By Zachary Guiliano
When General Convention’s Committee on Governance and Structure met Wednesday evening, nobody had shown up to discuss various budget matters. The committee next moved to consider proposals from the Task Force for Reimagining the Episcopal Church (TREC), beginning with the resolutions proposing a unicameral legislative body for General Convention. Only four speakers rose to give testimony. One deputy, Paul Ray of the Diocese of West Texas, spoke in favor of a unicameral body. The other three were against it, citing a need for checks and balances.
A resolution regarding the reduction of the Episcopal Church’s CCABs (committees, commissions, agencies and boards) was up next; only two deputies were present to speak on this topic, and both thought TREC’s proposals cut too deep.
The Rev. Charlie Osberger, deputy from the Diocese of Easton, said there was “much to commend, especially a desire to sharpen the Church’s focus.” But he objected to specific cuts, noting how odd it would be “if the Domestic and Foreign Mission Society did not have a Standing Commission on World Mission.”
No speakers were present to address the other resolutions under discussion (A097, A109, and A002.B.4).
The meeting could have ended after about five minutes, but it was scheduled for 90. The committee welcomed testimony from anyone in the audience.
Mary Willoughy, deputy of the Diocese of Georgia, addressed the lack of speakers: “It has been my observation that there was a tremendous amount of discussion, energy, and focus around these issues. I don’t know if there was a broader lack of awareness that this important hearing was happening.”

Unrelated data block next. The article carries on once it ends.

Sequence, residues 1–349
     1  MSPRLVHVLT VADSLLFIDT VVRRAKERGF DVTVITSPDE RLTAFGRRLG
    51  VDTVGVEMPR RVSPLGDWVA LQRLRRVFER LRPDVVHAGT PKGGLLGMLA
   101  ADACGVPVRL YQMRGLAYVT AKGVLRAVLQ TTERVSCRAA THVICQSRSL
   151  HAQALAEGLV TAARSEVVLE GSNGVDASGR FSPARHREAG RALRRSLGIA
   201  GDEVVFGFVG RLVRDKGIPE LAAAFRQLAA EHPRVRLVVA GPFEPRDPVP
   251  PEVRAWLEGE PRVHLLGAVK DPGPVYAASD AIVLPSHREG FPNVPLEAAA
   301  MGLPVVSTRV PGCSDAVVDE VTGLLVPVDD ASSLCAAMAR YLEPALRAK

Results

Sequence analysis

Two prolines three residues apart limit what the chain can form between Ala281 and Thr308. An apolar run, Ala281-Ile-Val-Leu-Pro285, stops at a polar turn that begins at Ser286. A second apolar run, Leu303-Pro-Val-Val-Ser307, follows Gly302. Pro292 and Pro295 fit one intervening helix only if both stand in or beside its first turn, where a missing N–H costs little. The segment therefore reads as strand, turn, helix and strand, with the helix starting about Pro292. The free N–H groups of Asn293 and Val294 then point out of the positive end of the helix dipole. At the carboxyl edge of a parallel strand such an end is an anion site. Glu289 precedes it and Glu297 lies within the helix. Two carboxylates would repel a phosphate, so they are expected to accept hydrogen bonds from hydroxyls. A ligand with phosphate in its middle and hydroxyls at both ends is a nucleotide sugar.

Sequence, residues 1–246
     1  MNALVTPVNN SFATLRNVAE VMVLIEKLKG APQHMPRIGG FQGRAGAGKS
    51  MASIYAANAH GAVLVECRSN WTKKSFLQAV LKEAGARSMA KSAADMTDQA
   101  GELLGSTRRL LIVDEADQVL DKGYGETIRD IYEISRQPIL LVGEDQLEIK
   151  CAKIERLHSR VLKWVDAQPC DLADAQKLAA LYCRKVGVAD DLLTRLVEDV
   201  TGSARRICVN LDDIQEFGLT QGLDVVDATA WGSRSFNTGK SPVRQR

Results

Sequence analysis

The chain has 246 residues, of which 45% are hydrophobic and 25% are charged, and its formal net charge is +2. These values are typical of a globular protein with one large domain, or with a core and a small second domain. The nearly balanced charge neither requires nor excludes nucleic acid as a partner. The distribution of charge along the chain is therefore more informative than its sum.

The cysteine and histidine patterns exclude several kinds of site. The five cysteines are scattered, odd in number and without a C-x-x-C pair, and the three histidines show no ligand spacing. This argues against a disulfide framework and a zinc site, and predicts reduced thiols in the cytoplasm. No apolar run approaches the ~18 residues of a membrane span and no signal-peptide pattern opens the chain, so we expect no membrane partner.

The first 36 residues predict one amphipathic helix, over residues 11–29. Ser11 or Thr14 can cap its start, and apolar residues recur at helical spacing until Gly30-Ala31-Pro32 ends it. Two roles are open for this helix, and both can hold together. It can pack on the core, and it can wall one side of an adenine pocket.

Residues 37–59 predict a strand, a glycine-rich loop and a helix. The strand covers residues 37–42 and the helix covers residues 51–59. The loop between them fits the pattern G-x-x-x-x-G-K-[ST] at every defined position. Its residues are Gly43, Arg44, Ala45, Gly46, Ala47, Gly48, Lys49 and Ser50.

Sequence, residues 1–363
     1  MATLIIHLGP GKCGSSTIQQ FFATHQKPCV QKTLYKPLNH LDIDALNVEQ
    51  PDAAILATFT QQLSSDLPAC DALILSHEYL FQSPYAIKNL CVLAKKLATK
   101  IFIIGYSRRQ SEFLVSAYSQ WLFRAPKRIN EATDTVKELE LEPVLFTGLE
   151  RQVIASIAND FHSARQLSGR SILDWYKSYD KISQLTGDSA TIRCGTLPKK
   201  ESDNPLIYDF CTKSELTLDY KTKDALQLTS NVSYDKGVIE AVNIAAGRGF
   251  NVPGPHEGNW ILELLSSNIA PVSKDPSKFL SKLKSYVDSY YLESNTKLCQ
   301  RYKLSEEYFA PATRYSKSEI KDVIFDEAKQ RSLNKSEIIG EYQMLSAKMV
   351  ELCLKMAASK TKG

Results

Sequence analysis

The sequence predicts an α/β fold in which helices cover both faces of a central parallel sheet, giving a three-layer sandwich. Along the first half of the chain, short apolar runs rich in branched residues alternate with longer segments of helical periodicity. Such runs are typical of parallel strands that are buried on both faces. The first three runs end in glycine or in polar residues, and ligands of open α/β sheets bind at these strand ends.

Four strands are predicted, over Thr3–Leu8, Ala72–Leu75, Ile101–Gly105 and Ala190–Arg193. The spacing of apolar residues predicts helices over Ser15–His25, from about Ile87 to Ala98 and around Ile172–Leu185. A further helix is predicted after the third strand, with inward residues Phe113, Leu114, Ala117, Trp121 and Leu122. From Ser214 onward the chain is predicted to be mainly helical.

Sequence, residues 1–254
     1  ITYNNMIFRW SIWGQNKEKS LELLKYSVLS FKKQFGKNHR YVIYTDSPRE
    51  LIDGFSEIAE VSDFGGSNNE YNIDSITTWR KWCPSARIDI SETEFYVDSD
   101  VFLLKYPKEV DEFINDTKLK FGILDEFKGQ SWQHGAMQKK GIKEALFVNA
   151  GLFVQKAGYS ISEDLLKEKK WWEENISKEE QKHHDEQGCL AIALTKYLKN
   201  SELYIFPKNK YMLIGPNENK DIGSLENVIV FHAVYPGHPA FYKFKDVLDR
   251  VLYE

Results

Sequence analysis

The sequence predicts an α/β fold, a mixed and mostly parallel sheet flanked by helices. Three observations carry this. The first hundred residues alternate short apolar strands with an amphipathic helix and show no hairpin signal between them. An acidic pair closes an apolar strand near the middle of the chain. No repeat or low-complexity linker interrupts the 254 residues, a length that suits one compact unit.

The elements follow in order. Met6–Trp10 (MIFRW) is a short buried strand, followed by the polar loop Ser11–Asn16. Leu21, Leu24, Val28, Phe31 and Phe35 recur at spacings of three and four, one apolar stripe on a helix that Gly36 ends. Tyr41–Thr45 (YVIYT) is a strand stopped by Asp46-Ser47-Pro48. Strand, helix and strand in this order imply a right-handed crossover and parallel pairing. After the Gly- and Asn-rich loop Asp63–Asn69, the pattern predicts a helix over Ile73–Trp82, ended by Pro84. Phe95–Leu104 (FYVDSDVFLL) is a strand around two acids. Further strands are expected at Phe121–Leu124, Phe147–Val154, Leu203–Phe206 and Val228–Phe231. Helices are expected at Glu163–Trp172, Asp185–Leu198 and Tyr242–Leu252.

She suggested that it was the result of the move to electronic scheduling and notification, a point echoed by Joan Gundersen, alternate deputy from Pittsburgh.
“I rather agree with our speaker,” said Bishop Clifton Daniel III of Pennsylvania. “The chair is rather surprised that no one is willing to speak.”
He invited more speakers to volunteer from the audience.
The Rt. Rev. Mary Glasspool, suffragan bishop in the Diocese of Los Angeles and a member of the committee, expressed frustration about the scheduled meeting time.
“I’ve never seen a hearing before the Convention got officially started,” she said. “Combine that with the fact that we’re trying the new technological stuff. We scheduled debate on the major topics of General Convention the night before we open the Convention.”
After a few minutes of testimony, two members of the committee objected, and asked whether discussion might be moved to another day, so that deputies would have more time to consider the resolutions.
The committee co-chairs said that they would consider a longer hearing at a later time during Convention, in order to allow more testimony.